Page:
In these days the European Commission is particularly active in understanding the possible antitrust impact of data-related conducts. In particular, from a recent policy document published by the Commission and from statements released by DG Comp´s official, it emerges that data generated by automated and connected cars might be considered an “essential facility” from a competition law perspective, at least in the early stage of the industry development, with the consequence that access to these data could not be refused to third parties. Consequently, manufacturers of automated and connected cars which refuse to license these data under fair terms to providers of cars-related services (i.e.: insurers, repairers, leasing companies) might be in breach of article 102 TFEU.

Continue reading “Do data generated by connected cars raise antitrust risks?”

The Italian Competition Authority publishes draft “Guidelines on antitrust compliance” encouraging the adoption of compliance programs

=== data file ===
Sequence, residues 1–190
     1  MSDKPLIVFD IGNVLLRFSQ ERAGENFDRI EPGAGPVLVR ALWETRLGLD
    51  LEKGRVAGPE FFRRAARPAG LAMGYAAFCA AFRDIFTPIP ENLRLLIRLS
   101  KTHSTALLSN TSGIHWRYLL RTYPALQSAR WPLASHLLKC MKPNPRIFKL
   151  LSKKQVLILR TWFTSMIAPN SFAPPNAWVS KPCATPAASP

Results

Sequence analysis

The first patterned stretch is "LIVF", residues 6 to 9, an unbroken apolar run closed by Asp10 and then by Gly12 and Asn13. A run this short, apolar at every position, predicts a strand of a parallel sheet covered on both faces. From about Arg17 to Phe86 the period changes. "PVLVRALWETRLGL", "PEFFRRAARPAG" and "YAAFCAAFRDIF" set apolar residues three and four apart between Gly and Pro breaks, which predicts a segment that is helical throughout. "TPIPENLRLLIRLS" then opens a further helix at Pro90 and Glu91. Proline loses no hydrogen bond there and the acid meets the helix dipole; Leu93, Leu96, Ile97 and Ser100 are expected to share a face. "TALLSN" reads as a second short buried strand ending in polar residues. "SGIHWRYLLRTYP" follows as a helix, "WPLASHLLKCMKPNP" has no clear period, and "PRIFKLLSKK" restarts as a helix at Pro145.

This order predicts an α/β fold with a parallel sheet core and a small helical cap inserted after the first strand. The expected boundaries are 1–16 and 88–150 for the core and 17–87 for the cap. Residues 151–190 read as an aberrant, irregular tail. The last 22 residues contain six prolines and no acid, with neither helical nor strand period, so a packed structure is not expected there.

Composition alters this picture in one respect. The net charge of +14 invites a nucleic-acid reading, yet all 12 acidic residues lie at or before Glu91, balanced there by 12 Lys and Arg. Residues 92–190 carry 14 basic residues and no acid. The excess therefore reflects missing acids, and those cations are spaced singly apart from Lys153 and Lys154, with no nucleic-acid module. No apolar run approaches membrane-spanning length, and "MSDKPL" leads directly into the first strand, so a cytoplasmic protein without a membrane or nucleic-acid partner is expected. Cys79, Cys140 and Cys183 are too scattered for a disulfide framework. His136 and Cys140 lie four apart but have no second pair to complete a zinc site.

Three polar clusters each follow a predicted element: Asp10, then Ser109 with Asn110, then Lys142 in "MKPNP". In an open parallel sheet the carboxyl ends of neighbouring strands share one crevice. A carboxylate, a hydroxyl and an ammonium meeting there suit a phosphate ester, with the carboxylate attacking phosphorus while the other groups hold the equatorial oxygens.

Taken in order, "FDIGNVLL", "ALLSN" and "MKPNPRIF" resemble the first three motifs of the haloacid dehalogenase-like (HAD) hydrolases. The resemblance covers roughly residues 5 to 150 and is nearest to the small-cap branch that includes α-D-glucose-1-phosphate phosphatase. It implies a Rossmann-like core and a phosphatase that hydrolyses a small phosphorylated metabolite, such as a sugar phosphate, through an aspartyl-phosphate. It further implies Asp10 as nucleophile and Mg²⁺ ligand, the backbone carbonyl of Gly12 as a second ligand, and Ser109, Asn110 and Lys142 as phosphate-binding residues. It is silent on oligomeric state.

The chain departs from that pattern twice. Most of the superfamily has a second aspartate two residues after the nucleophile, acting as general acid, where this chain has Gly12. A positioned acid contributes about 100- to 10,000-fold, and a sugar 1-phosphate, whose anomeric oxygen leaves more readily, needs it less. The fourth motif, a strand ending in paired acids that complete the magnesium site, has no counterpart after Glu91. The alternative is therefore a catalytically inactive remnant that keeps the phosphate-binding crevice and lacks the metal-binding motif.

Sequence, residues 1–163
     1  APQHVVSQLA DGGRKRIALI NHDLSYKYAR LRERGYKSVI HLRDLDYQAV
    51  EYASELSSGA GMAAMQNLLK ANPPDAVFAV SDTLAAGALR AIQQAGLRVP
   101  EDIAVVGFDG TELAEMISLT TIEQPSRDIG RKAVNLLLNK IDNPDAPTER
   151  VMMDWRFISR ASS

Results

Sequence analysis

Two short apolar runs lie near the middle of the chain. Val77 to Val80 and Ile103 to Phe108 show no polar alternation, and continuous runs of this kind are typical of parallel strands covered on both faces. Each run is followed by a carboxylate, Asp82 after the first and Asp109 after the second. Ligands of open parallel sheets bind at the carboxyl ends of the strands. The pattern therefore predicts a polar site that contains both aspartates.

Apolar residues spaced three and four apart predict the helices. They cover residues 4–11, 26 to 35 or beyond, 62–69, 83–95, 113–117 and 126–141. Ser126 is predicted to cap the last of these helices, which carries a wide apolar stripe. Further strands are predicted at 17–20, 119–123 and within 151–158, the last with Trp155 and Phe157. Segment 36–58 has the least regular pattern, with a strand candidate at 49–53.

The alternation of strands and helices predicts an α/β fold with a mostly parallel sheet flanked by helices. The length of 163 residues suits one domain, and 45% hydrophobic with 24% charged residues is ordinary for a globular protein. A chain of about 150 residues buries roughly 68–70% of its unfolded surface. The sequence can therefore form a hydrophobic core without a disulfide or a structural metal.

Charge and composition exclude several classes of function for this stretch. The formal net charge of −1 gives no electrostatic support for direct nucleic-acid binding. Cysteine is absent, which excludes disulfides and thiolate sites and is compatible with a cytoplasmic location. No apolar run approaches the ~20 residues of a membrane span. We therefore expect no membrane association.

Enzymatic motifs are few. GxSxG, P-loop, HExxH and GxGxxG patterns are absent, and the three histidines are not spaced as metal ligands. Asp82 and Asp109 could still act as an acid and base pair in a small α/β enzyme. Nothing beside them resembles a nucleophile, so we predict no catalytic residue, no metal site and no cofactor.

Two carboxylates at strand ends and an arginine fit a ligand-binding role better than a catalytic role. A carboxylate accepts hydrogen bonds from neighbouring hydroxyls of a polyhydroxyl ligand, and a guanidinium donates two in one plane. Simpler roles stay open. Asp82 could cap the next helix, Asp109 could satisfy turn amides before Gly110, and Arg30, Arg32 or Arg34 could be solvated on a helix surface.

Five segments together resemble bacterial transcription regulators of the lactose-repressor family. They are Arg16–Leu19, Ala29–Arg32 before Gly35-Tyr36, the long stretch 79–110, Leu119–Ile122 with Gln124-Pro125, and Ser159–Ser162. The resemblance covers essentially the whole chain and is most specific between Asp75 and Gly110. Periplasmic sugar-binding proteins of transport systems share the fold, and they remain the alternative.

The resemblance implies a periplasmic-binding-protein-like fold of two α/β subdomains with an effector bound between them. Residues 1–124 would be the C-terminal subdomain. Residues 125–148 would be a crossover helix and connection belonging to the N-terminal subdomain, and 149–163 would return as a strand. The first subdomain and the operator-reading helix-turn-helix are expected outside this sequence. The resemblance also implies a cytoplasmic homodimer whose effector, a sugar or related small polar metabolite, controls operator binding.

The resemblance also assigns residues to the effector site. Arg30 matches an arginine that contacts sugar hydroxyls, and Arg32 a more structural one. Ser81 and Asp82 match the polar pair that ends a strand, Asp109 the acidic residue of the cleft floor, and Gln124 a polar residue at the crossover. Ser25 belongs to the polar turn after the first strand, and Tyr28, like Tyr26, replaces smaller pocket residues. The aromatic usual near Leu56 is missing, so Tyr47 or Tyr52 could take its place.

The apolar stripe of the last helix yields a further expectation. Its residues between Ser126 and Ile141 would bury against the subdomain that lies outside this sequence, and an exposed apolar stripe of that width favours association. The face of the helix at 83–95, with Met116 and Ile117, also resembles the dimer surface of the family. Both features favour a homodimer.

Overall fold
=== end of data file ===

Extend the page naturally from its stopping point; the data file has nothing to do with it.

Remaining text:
On April 20 the Italian Competition Authority (“AGCM”) launched a public consultation in order to gather comments on its draft “Guidelines on antitrust compliance”.

The document is of huge importance since it provides for the first time the view of the AGCM on how an effective antitrust compliance program should be established and managed. Even more importantly, the draft guidelines show how the Authority will weigh the adoption of compliance programs as a mitigating circumstance at the moment of calculating fines in antitrust investigations. Continue reading “The Italian Competition Authority publishes draft “Guidelines on antitrust compliance” encouraging the adoption of compliance programs”

Reforming EU copyright law through competition enforcement? Waiting for the Commission’s decision in the “Pay-tv” case